» » Life at PPI: Get to know PPI’s fastest running primate, Lennie
Of the 42 primates I have the privilege of working with Lennie, the patas monkey, is by far the most unique.
Lennie came to PPI in October 2013 after being kept as a pet for his entire life. Like most primates who are kept as pets Lennie was not provided with the care he needed. Patas are the fasting running primate and need space to stretch their legs.
Thanks to PPI Lennie now has that opportunity and is always on the move. He loves running along the side of his habitat as I walk by, especially when I’m wearing my bright yellow rain jacket. Unlike most primates patas monkeys are ground dwellers. They do not climb or brachiate (swing from one place to another) like chimps or gibbons do.
This doesn’t mean they can’t get around though. Patas are found in the wild all across Central and South Africa in various types of terrain, but prefer open country. This open land allows the patas to show off their speed which can reach up to 34 mph. Lennie uses his strong legs and speed to run and jump from one climbing structure to the next until he is on top of his perch.
Patas are omnivorous and rely on plants and insects to make up their diet. Lennie’s favorite snacks are grapes and bananas and he will sort through the produce he is given to pick those out first. Since patas are terrestrial they do not have hands and fingers like chimps or other primates. When given pvs tubes or Kongs filled with treats, chimps use their fingers to dig out what they want. Lennie has found his own way to get to the snacks. He uses his hands to throw the enrichment all around until the treats fall out. I sometimes find the empty enrichment on top or even way outside his enclosure.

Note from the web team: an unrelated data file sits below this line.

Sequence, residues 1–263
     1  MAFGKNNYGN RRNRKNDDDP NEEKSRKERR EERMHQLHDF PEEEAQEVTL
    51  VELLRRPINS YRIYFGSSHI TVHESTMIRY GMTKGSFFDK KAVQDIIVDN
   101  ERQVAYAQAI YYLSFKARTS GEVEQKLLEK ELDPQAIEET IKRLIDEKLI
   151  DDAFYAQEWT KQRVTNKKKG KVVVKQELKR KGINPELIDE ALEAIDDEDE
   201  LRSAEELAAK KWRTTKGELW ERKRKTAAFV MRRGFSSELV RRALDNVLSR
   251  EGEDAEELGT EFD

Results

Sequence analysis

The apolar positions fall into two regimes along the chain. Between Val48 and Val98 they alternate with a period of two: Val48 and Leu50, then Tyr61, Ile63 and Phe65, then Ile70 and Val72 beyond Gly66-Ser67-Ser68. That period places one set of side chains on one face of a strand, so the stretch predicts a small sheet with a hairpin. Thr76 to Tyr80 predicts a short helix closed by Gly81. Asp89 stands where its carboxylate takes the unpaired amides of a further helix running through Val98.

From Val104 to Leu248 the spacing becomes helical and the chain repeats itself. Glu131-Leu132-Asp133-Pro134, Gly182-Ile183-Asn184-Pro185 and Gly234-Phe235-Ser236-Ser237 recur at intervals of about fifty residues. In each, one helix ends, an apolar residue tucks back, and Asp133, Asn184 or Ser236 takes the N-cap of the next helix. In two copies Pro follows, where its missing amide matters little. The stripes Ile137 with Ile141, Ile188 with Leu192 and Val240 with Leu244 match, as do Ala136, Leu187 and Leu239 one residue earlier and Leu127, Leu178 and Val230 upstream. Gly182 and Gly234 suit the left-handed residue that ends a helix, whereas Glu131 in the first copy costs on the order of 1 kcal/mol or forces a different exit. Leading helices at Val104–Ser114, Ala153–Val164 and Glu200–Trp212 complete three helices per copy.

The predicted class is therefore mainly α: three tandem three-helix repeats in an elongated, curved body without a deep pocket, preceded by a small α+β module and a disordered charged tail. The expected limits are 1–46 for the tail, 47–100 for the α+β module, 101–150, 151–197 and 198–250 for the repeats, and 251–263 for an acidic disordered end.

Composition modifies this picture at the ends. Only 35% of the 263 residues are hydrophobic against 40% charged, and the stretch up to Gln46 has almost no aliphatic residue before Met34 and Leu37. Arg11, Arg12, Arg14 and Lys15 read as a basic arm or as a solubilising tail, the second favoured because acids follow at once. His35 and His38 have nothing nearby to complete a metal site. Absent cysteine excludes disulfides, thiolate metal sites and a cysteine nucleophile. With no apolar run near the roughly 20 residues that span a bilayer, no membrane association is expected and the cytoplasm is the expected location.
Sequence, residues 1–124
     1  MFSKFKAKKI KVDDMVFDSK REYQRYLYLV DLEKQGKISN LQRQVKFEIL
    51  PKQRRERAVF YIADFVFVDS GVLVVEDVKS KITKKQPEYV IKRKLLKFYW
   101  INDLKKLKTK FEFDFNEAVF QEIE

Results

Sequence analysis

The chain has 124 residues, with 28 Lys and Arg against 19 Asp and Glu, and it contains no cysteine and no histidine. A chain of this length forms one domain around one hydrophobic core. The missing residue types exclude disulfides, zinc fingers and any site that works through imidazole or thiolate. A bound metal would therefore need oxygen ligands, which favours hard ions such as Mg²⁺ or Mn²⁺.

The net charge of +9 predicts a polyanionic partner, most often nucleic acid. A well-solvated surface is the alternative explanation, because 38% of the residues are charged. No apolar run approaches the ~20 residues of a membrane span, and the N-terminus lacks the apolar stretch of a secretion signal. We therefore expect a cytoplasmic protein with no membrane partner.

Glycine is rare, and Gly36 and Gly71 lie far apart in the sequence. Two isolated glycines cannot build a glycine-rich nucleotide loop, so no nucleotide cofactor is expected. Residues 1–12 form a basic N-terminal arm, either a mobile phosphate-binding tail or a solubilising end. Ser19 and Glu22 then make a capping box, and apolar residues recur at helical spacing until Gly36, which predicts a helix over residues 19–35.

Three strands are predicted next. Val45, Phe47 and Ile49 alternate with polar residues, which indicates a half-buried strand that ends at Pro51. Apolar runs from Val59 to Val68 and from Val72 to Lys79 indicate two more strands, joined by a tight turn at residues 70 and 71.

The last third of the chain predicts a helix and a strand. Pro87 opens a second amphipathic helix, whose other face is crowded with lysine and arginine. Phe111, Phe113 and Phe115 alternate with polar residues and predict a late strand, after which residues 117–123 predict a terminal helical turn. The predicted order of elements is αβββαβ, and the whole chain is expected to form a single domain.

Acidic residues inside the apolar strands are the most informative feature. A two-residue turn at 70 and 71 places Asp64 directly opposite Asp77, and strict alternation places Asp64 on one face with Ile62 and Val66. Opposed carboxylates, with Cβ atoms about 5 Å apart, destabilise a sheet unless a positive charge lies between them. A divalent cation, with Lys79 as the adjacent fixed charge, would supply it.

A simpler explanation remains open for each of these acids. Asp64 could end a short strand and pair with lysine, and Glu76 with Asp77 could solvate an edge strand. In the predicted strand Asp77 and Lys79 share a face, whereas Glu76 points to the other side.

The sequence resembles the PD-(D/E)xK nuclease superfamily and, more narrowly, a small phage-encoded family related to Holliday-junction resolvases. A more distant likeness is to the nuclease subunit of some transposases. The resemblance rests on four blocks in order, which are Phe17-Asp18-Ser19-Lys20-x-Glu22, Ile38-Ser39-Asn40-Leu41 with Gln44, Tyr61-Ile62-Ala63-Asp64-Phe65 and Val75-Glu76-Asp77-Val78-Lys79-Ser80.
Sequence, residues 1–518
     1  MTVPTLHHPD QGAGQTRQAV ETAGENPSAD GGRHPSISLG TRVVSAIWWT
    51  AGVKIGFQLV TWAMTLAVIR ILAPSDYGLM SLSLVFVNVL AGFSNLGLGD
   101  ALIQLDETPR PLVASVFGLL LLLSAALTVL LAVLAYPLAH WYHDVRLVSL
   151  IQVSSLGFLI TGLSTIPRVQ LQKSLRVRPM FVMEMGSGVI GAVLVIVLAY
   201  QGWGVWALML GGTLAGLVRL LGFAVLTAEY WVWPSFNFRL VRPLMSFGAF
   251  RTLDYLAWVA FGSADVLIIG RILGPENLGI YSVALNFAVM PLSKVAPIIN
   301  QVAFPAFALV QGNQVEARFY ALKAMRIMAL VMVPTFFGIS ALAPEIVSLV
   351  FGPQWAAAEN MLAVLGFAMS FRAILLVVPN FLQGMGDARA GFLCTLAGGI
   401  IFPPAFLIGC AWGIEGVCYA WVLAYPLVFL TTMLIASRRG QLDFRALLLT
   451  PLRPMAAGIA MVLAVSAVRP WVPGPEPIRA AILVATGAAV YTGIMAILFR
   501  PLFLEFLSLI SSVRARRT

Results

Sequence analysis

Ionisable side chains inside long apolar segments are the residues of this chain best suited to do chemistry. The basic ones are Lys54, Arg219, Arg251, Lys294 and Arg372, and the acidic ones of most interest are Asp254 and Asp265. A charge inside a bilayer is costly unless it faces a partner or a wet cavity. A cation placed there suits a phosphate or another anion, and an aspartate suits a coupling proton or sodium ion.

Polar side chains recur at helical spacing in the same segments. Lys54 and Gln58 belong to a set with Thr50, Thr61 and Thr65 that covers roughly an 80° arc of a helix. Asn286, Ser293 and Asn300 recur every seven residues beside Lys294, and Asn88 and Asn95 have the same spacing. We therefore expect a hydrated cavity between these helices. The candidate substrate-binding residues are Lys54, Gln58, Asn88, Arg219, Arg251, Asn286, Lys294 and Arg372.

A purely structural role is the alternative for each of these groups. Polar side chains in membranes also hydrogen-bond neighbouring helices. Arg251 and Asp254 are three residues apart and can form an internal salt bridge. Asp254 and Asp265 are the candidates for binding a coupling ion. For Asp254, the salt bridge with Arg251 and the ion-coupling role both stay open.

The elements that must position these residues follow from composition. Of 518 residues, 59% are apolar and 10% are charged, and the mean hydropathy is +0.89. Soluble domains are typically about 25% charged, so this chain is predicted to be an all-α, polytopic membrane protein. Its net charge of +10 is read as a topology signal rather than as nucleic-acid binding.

Some of Lennie’s other favorite enrichment items are basketballs, bright colored toys and his giant caterpillar stuffed animal. Another unique feature Lennie has is his alarm calls. In the wild male patas have specific alarm calls for specific threats. Males will perform a ‘bark-grunt’ when they encounter a mammalian predator like a big cat. Since Lennie does not have to worry about lions at PPI he sometimes chooses to alarm call at the different vehicles that pass through his section. I can always tell when someone is about to drive by when I hear Lennie begin to alarm call.
While Lennie has the best care thanks to PPI staff he is still affected by his time as a pet. He is very fearful of being shifted into his inside bedroom, which makes cleaning his yard a challenge. As his caregiver, I am working to alleviate this fear by gaining his trust and using positive reinforcement when he does spend time in his bedroom. Being able to care for Lennie and make his life the best has been a great experience.
He has taught me patience, problem solving and most importantly, to work on my cardio.